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Everyone has a voice, and a choice to use it well, use it poorly, or not to use it at all.


Friday, July 1, 2011

Personifying the Wilderness

If you enjoy reading and love the wilderness, you probably like reading about the wilderness. Some of my favorite books are about the backcountry, books like Treasures Beneath the Sea, Endurance, and Everest the Hard Way. Reading books like this are the next best thing to actually being in the backcountry.

Each outdoor adventurer has a different philosophy on the outdoors. Some go out to find themselves, while others go to lose themselves. I enjoy hearing these different philosophies, because they are Cosmic Snail Trails - examples of the subjective giving us clues about the nature of the ultimate objective truth.

I see a pattern in books on the outdoors, especially in books on mountaineering expeditions. The authors almost universally attribute human characteristics to the mountain they are attempting to climb. Even the ancient Tibetan and Nepali name for Mt. Everest personifies the mountain: both the Tibetan name Chomolungma and the Nepali name Sagarmatha mean roughly "Mother Goddess of the Earth". More modern climbers tend to be less charitable. To many, Everest seems to be not so much motherly as hard, petulant, and resentful, often unwilling to be climbed.

What is this human tendency towards the personification of the physical world? Is there something to it? The Hindus, by and large, would say that it is the proper recognition of the god(s) that exists in everything. Staunch atheists would reply that, whatever it is, it is a false perception. What is the Christian reply?

Paul did not fully explain the personification of nature, but he certainly wrote about it:

"For the creation was subjected to frustration, not by its own choice, but by the will of the one who subjected it, in hope that the creation itself will be liberated from its bondage to decay and brought into the glorious freedom of the children of God. We know that the whole creation has been groaning as in the pains of childbirth right up to the present time."

What are we to make of this human (and even Biblical) tendency to personify nature? 

I believe it is an indicator that God is perceived more clearly in the wilderness than elsewhere. God is the ultimate "person" - there is nothing more personal than Him. It makes sense that He should be perceived in His creation - that is the whole premise of the CST Theory. From there, it is a short step to conclude that the less there is to distract us from God, the more of Him we will be able to perceive. When fewer man made objects there are to take up our attention, more of our attention will be free to attend to God. As we come to the end of ourselves and face the limit of our own abilities, we begin to perceive the characteristics of God in His creation.  His power, vastness, beauty, and variety are evident in what He has made.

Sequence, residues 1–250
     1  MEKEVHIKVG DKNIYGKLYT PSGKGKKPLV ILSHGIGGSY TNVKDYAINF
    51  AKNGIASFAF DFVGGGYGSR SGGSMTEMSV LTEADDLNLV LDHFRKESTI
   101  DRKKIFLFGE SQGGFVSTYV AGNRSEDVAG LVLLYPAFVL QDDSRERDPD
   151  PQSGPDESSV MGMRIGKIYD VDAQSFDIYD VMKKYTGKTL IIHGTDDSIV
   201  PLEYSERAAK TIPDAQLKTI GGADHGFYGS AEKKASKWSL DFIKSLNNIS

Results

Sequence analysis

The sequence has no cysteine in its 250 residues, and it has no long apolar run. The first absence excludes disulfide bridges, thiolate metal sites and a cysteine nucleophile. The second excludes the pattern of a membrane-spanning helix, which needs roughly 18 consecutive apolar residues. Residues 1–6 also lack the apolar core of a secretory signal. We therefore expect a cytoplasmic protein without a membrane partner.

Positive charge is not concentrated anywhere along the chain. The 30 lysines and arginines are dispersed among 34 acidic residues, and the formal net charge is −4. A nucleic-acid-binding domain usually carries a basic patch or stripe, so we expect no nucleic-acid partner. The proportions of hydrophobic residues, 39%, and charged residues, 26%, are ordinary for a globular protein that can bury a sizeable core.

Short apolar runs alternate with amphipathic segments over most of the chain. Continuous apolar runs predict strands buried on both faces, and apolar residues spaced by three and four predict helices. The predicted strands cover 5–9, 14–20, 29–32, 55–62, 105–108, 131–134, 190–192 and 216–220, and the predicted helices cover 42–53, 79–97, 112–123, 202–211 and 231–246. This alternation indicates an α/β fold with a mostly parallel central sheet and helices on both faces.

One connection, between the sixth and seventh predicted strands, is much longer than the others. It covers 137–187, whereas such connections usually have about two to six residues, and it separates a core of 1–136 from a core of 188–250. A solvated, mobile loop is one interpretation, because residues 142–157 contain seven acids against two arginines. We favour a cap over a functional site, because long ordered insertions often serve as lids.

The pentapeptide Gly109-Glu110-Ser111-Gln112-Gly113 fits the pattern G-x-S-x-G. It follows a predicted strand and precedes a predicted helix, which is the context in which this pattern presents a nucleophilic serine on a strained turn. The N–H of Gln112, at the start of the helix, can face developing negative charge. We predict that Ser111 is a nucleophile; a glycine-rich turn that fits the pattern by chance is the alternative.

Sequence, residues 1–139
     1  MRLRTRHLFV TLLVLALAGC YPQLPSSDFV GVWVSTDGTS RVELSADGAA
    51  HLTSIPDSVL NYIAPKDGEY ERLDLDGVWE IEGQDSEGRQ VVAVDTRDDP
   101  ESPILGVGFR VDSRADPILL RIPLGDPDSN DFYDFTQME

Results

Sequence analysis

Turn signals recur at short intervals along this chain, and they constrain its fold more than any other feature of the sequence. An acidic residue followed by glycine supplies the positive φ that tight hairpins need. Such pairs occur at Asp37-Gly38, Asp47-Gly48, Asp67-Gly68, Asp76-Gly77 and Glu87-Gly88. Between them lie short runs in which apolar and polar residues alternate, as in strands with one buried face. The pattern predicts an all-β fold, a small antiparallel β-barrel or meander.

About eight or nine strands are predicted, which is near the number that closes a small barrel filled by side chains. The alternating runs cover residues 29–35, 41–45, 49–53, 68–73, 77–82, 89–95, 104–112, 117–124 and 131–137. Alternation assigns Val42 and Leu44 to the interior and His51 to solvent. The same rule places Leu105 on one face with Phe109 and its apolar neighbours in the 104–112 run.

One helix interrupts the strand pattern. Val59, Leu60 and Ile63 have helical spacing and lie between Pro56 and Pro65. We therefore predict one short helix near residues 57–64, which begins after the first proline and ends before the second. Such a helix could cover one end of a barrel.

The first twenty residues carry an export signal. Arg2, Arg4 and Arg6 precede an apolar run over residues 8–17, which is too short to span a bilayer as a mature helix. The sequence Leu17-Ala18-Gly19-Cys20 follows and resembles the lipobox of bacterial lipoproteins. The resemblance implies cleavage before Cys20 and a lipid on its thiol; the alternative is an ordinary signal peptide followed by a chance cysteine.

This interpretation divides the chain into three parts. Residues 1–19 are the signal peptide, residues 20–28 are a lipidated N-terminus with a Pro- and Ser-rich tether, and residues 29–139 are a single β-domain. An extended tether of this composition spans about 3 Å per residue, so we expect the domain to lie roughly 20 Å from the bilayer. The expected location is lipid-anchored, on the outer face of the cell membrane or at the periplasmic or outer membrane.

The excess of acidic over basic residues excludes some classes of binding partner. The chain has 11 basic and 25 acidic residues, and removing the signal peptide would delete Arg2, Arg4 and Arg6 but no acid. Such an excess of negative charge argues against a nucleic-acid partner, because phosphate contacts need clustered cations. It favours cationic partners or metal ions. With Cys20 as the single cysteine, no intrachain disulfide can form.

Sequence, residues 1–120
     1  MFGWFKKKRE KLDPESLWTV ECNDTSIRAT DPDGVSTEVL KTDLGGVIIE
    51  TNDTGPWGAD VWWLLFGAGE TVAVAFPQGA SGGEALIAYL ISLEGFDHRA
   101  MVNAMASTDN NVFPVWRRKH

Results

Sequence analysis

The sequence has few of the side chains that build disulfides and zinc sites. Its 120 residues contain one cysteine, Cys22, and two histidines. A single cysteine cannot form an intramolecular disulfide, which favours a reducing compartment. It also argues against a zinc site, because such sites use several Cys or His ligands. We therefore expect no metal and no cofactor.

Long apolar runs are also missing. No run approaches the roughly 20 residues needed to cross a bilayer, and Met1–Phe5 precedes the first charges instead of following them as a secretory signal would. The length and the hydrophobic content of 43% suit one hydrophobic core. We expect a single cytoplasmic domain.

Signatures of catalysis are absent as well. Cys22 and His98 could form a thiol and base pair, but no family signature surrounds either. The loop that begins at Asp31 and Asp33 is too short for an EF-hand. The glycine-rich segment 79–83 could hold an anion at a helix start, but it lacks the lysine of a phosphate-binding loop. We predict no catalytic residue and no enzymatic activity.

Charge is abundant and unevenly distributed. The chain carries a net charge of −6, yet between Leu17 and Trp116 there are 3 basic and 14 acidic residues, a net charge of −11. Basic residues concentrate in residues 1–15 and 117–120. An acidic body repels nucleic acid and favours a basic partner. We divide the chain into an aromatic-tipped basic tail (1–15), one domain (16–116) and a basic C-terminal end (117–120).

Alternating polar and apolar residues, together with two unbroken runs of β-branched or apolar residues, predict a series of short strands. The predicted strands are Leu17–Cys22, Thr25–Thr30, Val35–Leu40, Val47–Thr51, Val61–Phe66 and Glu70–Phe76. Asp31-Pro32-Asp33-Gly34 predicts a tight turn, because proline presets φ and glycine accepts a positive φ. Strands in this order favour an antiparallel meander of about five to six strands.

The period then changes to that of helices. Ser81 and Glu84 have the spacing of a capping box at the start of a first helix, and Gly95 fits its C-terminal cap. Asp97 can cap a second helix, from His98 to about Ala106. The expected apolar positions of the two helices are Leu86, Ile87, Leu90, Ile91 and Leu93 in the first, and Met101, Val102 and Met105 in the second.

God put these characteristics there for a reason. I do not pretend to understand all of that reason, but a part of it is that creation is intended by God to be a testament to all humankind - a testament that points us towards God, and condemns us when we reject Him.

"For since the creation of the world God's invisible qualities--his eternal power and divine nature--have been clearly seen, being understood from what has been made, so that men are without excuse."

This is the root of why going into the wilderness is so powerful.  God displayed his invisible qualities in visible form in his creation.

The plainest conviction that comes from this is to get out into it! If you don't believe in God, go into the backcountry and experience that which you cannot explain. If you want to believe in God, go into the backcountry and allow Him to make himself known. If you are a Christian of fifty years, who has attended seminary and shepherded churches, go into the backcountry and learn things all your books written by human hands can not teach you, as you marvel at God's invisible characteristics laid before your eyes in visible form.


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